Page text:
Note: This is an archived Handbook entry from 2008. Search for this in the current handbook
|Dates & Locations:|| |
This subject has the following teaching availabilities in 2008:Semester 2, - Taught on campus.
Timetable can be viewed here. For information about these dates, click here.
|Time Commitment:||Contact Hours: 36 one hour lectures (three times a week), and 24 hours (12 x 2 hours) of practical classes and tutorials. 3 hours of research participation (hurdle requirement). |
Total Time Commitment: Not available
|Recommended Background Knowledge:||None|
|Non Allowed Subjects:||512-121 Introductory Social, Developmental and Clinical Psychology 1|
|Core Participation Requirements:||
For the purposes of considering request for Reasonable Adjustments under the Disability Standards for Education (Cwth 2005), and Student Support and Engagement Policy, academic requirements for this subject are articulated in the Subject Overview, Learning Outcomes, Assessment and Generic Skills sections of this entry.
It is University policy to take all reasonable steps to minimise the impact of disability upon academic study, and reasonable adjustments will be made to enhance a student's participation in the University's programs. Students who feel their disability may impact on meeting the requirements of this subject are encouraged to discuss this matter with a Faculty Student Adviser and Student Equity and Disability Support: http://services.unimelb.edu.au/disability
CoordinatorDr Simon Cropper
|Subject Overview:|| |
Mind, Brain and Behaviour 2 focuses on the development of the individual and their interaction with their environment and considers what the consequences are, both when this interaction proceeds smoothly and when it does not proceed smoothly. Questions concerning human development giving attention to cognitive and to social-emotional aspects are explored. An understanding of some basic issues in human development is complemented with an examination of the nature and development of personality and human interaction in social groups and cultural settings.
The course is designed to raise significant questions prompting students to think about behaviour and to explore possible answers. Students will be introduced to the tools used in psychology to find answers to these questions. A common research-centred framework is adopted and the statistical tools that support this framework are introduced and developed as an integral part of the course. Psychology derives its approaches and questions from both science and the arts.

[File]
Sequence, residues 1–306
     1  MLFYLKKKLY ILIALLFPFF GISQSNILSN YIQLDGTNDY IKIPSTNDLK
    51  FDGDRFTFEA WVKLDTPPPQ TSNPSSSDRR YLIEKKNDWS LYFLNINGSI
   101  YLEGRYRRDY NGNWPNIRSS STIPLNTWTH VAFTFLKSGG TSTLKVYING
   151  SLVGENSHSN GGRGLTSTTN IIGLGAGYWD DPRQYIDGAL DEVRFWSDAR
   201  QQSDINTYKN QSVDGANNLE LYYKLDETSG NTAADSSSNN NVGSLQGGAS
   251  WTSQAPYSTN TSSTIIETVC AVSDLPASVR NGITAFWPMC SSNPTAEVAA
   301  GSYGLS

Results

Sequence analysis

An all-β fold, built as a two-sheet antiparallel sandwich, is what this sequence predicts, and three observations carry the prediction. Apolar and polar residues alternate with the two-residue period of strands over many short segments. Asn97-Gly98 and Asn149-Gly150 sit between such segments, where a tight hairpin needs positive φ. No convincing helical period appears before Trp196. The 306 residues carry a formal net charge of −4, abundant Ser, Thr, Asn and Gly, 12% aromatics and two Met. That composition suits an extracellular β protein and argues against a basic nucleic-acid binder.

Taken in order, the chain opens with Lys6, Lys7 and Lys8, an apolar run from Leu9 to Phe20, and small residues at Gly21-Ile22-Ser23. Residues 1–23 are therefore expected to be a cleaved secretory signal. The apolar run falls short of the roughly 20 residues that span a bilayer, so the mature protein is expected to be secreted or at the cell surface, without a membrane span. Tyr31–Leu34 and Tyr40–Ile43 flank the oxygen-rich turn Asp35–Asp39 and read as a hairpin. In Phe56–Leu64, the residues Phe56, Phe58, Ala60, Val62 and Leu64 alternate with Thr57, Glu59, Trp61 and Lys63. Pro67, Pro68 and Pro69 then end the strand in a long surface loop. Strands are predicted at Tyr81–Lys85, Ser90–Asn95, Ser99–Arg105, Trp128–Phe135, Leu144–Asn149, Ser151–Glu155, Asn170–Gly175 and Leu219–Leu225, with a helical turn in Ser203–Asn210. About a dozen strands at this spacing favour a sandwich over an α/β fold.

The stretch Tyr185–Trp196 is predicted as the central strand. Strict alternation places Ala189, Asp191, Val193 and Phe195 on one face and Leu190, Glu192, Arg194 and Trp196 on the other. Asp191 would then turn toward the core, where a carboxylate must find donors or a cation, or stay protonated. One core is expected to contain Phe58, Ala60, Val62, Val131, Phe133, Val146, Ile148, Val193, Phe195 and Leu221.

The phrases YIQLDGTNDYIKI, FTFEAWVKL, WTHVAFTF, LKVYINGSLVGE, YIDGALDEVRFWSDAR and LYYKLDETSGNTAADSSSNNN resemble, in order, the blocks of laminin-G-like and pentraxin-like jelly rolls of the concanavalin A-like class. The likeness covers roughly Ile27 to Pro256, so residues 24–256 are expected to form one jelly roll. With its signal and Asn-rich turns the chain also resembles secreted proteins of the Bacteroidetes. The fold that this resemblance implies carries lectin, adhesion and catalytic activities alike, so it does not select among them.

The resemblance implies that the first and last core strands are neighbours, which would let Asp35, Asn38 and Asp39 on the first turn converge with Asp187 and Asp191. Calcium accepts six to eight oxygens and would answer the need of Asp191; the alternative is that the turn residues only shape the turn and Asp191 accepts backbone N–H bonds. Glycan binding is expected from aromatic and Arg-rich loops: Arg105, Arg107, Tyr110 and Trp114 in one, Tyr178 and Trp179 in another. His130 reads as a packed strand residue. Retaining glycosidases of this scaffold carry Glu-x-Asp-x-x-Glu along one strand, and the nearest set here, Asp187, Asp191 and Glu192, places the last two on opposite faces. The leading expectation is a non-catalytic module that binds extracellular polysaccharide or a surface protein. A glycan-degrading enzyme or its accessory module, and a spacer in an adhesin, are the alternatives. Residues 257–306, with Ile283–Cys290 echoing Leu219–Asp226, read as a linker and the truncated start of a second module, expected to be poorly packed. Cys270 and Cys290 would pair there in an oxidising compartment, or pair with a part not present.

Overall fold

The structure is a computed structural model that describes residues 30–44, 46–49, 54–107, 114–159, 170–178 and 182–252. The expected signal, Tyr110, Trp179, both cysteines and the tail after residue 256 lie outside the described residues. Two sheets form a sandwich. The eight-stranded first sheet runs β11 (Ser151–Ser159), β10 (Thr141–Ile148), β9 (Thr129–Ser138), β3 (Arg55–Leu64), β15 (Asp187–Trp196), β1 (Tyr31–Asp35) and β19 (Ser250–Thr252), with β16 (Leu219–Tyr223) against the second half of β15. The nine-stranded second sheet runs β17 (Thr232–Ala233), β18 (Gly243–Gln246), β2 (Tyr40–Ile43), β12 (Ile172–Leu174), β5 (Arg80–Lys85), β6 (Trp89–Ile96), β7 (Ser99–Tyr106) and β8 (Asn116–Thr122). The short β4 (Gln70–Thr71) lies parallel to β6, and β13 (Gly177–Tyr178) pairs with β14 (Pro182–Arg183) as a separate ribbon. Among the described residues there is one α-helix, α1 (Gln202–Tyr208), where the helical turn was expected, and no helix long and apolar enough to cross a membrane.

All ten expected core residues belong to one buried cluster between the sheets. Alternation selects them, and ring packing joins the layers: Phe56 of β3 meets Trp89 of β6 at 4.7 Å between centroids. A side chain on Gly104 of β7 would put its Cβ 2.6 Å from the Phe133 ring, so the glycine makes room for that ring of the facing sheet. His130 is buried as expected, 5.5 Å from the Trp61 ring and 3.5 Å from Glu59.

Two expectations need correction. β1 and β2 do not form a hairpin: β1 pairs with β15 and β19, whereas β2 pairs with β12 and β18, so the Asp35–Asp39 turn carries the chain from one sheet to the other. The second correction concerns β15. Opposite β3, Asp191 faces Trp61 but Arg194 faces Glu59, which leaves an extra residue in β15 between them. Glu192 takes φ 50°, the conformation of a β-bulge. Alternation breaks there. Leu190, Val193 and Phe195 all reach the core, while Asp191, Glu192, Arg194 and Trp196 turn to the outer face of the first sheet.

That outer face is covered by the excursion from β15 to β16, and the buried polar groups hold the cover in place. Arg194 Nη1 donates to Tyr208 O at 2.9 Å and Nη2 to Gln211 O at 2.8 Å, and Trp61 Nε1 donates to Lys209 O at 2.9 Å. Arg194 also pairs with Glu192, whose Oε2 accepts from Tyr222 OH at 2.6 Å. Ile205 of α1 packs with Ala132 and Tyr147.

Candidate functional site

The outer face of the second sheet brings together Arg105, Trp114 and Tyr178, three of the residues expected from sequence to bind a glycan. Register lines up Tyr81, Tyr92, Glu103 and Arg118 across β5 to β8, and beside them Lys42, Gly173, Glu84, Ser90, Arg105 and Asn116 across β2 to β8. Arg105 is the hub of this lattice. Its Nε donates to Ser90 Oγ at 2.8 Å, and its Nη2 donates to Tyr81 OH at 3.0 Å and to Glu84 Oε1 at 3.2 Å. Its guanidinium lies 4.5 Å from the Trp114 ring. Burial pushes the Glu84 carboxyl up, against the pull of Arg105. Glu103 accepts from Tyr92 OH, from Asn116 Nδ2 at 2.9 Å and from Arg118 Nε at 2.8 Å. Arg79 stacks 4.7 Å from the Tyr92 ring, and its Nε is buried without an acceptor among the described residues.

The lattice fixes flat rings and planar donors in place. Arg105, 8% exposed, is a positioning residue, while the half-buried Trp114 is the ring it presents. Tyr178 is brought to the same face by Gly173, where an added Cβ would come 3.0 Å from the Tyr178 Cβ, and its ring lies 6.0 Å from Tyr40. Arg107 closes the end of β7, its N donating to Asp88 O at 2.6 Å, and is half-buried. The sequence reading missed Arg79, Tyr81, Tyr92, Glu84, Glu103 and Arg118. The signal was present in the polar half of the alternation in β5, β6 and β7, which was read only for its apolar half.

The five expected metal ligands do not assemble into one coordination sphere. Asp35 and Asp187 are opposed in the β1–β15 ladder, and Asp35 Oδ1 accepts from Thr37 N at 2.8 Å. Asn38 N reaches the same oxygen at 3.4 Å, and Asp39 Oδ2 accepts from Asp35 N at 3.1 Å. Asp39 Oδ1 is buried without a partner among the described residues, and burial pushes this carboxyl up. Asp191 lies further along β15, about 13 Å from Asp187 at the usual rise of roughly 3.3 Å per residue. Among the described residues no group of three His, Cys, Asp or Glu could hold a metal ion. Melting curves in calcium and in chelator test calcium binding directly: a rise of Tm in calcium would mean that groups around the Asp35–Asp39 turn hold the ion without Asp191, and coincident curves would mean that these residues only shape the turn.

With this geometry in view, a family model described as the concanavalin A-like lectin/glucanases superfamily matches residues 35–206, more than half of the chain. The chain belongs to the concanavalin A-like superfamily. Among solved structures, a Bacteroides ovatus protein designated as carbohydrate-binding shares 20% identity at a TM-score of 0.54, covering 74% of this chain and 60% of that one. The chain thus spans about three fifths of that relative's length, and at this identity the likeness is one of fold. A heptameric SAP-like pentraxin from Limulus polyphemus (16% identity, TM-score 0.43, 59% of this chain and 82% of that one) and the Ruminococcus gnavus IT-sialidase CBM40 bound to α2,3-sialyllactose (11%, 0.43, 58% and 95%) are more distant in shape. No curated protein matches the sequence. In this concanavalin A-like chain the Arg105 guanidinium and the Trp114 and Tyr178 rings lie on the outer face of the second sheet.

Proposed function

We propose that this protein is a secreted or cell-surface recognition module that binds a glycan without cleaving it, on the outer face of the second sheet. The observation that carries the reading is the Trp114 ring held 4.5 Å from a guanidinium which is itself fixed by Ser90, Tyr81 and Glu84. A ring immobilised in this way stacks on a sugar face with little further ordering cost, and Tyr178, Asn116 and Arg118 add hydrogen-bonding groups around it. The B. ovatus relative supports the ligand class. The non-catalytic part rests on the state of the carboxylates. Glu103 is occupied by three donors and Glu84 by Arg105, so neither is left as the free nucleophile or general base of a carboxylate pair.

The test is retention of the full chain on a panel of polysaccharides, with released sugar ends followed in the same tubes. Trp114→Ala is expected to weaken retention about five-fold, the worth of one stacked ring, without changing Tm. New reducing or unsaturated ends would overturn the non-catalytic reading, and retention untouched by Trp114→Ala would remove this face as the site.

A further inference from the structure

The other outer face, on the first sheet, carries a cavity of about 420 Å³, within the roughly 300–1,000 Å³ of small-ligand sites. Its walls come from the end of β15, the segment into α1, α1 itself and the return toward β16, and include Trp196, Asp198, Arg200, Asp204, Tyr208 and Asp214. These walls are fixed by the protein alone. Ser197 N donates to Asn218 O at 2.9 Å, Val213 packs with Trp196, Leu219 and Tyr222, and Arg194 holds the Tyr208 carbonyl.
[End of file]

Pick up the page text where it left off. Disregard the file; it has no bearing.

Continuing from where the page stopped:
|Assessment:||One three hour examination comprising multiple-choice questions to be undertaken in the University examination period. (60%)Laboratory assignment(s) of not more than 2000 words to be submitted during the semester. (40%)Students must complete all components of the assessment and achieve an aggregate score of 50% in the subject to be eligible for a pass.Participation in three hours of research activities and attendance at 80% or more of laboratory classes are hurdle requirements.|
|Prescribed Texts:||There are no prescribed texts for this subject.|
|Recommended Texts:|| |
Eysenck, M.W. (2004) Psychology: An International Perspective Hove, Sussex, UK: Psychology Press/Palgrave Macmillan
Haslam, N. (2007). Introduction to Personality and Intelligence. London: Sage.
Smyth, T.R. (2004) The Principles of Writing in Psychology Basingstoke, Hampshie, UK: Palgrave Macmillan
Gravetter, F.J. & Wallnau L.B. (2004) Statistics for the Behavioural Sciences (6th ed.). Belmont CA: Wadsworth/Thomson Learning
|Breadth Options:|| |
This subject potentially can be taken as a breadth subject component for the following courses:
You should visit learn more about breadth subjects and read the breadth requirements for your degree, and should discuss your choice with your student adviser, before deciding on your subjects.
|Fees Information:||Subject EFTSL, Level, Discipline & Census Date|
|Generic Skills:|| |
On completion of Mind, Brain and Behaviour 1 students should be ablt to:
|Notes:||Students enrolled in the BSc (both pre-2008 and new degrees), BASc or a combined BSc course may receive science credit for the completion of this subject. Students undertaking psychology subjects can receive credit toward either the science or arts requirement of the BASc or BA/BSc course. Credit for psychology cannot be split between the two components. Students should advise the Faculty of Science if they would like psychology to count toward the science requirement of their BASc or BA/BSc course.|
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